How do you share difficult life changing news with a young child?
That’s a question I’ve been thinking a lot about since we received T’s FASD diagnosis in January.
The hubby and I shared the info with the school right away as it would better inform the way they supported T.
We’ve held off on sharing the info with T as it’s been a year of unexpected events and we didn’t want to add this on top of everything.
We’ve decided we will share his diagnosis this summer, as it is a less pressure time.
We also have three weeks off – can’t wait! – to spend with the hubby’s family and T’s favourite cousin, which can provide positive emotional cushion.
We believe that honesty is key.
From lived experiences shared by individuals with FASD that I’ve come across, they speak about how knowing their diagnosis helped made the world make sense to them.
This testimonial below by advocate Reinier DeSmit, who received his diagnosis late in life, moved me deeply when I watched it a year ago.
I consider our family very blessed to have received this diagnosis early on in T’s life. I feel deep in my heart this will benefit T, despite the hurt, confusion and anger it may also cause.
We will take a strengths-based approach.
From resources I’ve seen – see the links at the end of this post – it’s important to take a strengths-based approach.
We will highlight T’s many gifts: He’s a bright, caring, funny, strong, determined kid among many other positive qualities.
We will discuss that because of his diagnosis, he will need supports – such as why he’s had a CYW.
Where possible, we will use age appropriate tools, such as books and online games (see a great example below).
We will be upfront that we don’t know all the answers but reassure him – and ourselves – that we’ll figure it out together.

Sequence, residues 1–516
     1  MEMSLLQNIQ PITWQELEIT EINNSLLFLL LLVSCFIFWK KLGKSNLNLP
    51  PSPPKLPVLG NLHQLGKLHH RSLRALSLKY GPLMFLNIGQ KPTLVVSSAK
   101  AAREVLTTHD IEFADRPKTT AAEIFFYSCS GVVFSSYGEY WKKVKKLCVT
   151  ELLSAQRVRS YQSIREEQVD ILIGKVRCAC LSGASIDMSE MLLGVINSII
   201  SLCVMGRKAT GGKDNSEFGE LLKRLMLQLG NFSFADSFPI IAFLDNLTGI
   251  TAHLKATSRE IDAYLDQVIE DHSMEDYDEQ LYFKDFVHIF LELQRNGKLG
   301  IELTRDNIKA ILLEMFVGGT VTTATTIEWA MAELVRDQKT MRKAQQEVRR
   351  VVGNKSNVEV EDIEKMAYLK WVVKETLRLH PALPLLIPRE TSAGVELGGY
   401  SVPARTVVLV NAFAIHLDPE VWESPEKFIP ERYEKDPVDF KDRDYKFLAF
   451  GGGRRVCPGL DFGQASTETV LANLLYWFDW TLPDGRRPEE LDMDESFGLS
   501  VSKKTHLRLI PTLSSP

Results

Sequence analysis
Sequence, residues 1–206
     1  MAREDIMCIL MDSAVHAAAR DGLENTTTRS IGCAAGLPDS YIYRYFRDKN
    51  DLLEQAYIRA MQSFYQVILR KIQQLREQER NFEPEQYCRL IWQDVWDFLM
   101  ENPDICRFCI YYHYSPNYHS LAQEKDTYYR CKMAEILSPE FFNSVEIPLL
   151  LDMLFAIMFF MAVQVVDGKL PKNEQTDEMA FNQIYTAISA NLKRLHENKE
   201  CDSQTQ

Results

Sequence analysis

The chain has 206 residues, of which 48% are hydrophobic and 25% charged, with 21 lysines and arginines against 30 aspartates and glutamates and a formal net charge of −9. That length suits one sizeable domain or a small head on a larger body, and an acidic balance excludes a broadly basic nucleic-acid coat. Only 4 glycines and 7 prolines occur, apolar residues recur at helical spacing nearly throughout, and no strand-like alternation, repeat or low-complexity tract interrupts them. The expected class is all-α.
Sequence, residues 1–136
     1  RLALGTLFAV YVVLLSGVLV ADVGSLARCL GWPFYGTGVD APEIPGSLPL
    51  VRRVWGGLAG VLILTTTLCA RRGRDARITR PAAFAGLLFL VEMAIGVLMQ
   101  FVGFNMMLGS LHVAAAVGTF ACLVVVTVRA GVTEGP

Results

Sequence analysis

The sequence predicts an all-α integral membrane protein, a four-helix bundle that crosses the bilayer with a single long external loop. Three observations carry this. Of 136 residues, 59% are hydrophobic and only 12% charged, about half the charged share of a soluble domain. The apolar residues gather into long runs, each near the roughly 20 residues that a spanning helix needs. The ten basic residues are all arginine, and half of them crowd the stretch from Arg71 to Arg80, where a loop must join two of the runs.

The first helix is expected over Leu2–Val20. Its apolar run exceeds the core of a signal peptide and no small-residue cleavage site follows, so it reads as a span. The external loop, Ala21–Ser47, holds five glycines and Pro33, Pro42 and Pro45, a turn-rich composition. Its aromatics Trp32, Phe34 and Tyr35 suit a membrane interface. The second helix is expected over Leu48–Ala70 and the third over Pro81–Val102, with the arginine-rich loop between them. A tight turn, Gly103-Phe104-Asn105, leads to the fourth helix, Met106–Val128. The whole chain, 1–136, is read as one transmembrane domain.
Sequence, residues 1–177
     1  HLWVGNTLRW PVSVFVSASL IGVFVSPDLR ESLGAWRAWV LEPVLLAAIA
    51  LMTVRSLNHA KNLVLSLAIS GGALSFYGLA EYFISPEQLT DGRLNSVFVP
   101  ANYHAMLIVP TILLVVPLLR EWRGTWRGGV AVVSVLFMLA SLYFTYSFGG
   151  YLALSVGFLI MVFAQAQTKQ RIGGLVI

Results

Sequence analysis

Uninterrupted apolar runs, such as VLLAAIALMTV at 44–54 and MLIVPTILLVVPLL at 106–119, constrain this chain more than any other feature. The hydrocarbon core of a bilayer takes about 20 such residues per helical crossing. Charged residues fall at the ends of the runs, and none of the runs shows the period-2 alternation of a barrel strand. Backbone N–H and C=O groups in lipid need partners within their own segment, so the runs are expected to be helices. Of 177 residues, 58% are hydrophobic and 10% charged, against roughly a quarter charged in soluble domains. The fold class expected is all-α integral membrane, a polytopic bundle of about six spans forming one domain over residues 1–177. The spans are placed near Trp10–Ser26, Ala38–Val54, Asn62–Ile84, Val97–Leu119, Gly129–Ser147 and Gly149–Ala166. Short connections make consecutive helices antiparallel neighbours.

Knowing T, we will need to do this over time. We only get his attention for a short while, so we will need to do this in bite-size age-appropriate pieces.
Best case scenario, there is instant adoption and a positive reaction. Worst case scenario, anger, hurt, confusion and resentment. And of course, everything in between.
Regardless of the outcome, we will do our best to support him with patience and empathy.
We know this will be a difficult conversation(s), but it will be one of the most important milestones in our parenting journey with T.
Here are some great resources shared by our FASD service coordinator on how to take a strengths-based approach in sharing and helping a young child understand an FASD diagnosis.
- “How to Explain an FASD Diagnosis to Your Child” by CanFASD
- Brain Build Book – Part of a larger framework to help kids understand their assessment results.
- FASD and Me Interactive Game – An interactive comic that explains what FASD is, how it affects people and things that people with FASD have done to make their lives easier.
- FASD and Me Workbook – An interactive journal with activity sheets, inspired by Hope Myers, an individual with FASD, and her mother Miranda. Here’s the related Webinar for further viewing.
Do you have a recommended resource to add to the list above? Please e-mail me at firstname.lastname@example.org.